Originally from Virginia Beach, Rettig joined the staff at Ridge in 2004 after earning a bachelor’s degree in psychology from James Madison University and a master’s degree in school counseling from Virginia Commonwealth University. In 2020, she earned certification in school counseling from the National Board for Professional Teaching Standards, the profession’s highest mark of accomplishment.

The annual awards for elementary and secondary school counselor of the year are based on implementation of a comprehensive school counseling program and the American School Counselor Association’s guiding national model.

In naming her the commonwealth’s elementary school winner, the Virginia School Counseling Association said, “Your application and letters of recommendation clearly showed that you not only support the national standards for school counseling within [your school division], but also advocate for the profession throughout your community. Your dedication to your students and increasing efforts at collaboration with fellow educators are admired and appreciated!”

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Education

PHOTOS: University of Richmond celebrates in-person graduations

The University of Richmond awarded more than 1,100 degrees during a series of in-person, school-specific ceremonies May 7th through 9th.

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The University of Richmond awarded more than 1,100 degrees during a series of in-person, school-specific ceremonies May 7th through 9th.

The University awarded the following degrees:

  • 783 undergraduate bachelor’s degrees from the School of Arts & Sciences, Robins School of Business, and Jepson School of Leadership Studies,
  • 32 bachelor’s degrees and 95 master’s degrees, through the School of Professional & Continuing Studies,
  • 25 MBA degrees through the Robins School of Business,
  • and 137 juris doctor degrees from the Richmond School of Law.

The University of Richmond provided an in-person, residential educational opportunity for the entire 2020-21 academic year. Most students completed their classes in person with about 300 studying remotely.

From Chicago to Amsterdam and San Francisco to London, graduating seniors are heading to jobs and graduate schools around the world. The class of 2021 has secured jobs at highly-coveted companies and organizations, including Tesla, Teach for America, and the U.S. State Department. Students are continuing their education at some of the world’s premiere graduate institutions, including Yale, Harvard, and Oxford.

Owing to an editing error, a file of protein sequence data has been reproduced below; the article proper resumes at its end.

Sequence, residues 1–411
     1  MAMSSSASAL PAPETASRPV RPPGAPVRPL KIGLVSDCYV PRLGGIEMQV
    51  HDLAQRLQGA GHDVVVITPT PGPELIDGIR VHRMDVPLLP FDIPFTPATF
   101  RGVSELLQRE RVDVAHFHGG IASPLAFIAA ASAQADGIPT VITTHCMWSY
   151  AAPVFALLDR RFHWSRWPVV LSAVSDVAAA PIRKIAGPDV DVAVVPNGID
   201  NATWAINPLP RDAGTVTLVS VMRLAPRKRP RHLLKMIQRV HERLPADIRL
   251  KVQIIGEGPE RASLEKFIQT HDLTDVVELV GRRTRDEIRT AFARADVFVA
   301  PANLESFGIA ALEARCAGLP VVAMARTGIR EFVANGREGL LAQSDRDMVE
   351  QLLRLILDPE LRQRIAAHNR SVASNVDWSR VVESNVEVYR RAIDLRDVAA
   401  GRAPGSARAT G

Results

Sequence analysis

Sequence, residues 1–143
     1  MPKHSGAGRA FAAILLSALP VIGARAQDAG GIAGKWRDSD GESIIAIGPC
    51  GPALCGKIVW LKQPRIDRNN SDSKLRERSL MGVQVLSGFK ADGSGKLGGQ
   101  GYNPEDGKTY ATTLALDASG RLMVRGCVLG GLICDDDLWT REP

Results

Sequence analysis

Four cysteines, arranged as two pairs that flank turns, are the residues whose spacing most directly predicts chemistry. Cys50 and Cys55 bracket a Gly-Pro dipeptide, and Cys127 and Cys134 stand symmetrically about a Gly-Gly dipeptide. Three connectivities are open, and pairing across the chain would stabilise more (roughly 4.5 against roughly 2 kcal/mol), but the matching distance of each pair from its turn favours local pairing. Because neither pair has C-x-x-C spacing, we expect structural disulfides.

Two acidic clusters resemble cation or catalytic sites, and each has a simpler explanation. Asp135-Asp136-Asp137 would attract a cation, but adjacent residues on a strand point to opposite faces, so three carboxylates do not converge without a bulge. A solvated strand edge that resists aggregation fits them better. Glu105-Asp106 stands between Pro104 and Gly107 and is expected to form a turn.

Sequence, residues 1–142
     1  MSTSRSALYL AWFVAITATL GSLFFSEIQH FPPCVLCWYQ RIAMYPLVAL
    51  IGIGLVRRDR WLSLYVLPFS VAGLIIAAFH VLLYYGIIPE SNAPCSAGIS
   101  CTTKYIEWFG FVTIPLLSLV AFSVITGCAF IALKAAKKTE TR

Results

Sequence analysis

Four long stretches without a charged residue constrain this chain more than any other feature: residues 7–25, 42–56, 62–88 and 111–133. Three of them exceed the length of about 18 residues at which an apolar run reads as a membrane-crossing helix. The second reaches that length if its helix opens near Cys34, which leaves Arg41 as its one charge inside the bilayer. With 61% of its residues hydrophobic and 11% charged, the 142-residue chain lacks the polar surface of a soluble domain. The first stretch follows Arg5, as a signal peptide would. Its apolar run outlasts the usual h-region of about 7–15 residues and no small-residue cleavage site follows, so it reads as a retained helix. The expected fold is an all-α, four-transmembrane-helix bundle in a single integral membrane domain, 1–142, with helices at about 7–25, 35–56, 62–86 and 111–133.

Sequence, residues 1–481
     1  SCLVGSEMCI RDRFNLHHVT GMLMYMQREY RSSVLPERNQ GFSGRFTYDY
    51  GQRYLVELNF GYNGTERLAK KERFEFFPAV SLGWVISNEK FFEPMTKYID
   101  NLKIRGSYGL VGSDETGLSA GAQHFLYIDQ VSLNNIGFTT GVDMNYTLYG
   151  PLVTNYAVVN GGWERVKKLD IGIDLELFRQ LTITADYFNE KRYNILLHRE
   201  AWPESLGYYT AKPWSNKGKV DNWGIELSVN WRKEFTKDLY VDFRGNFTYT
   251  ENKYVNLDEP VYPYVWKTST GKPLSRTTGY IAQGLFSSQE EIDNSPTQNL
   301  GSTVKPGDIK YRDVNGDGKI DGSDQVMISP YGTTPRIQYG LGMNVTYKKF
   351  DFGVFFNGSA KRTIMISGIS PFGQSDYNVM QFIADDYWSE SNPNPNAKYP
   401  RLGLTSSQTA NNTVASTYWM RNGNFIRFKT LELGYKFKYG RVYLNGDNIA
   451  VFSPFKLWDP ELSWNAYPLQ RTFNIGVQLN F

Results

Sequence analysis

By the Numbers

  • The Class of 2021 includes 63 international students who represent 24 countries.
  • More than 230 students in the School of Arts & Sciences conducted undergraduate research in the arts, social sciences, humanities, and sciences.
  • The Robins School of Business’ Student Managed Investment Fund’s growth and value fund grew to a combined value of more than $1M this year, the first time the fund has hit this milestone since it was established in 1993. This year was also the first that Robins School students will graduate from UR with a business analytics concentration.
  • 22% of law school graduates earned the Carrico Center Pro Bono Certificate for completing 120 hours of service throughout their three years, collectively performing more than 6,000 hours of service.
  • The 81 members of the Jepson School of Leadership Studies Class of 2021 logged about 26,000 hours fulfilling their course service-learning requirements and Jepson internships. Three seniors were also named Jepson Scholars and awarded full scholarships to pursue one-year master’s programs at the University of Oxford.
  • For their capstone projects, Master of Nonprofit Studies students in the School of Professional & Continuing Studies conducted more than 2,800 hours of original research, engaging a wide range of nonprofit and civil society stakeholders in the Richmond area, throughout the U.S., and in Afghanistan.
  • Even with fewer study abroad experiences available in 2020 and 2021 due to travel limitations related to the pandemic, 61.7% (483 students) from the class of 2021 completed study abroad, research, and internship programs around the world with university support. Some of these experiences were virtual.
  • According to the Bonner Center for Civic Engagement, 27 graduating Bonner Scholars logged 23,457 hours of service throughout their four years.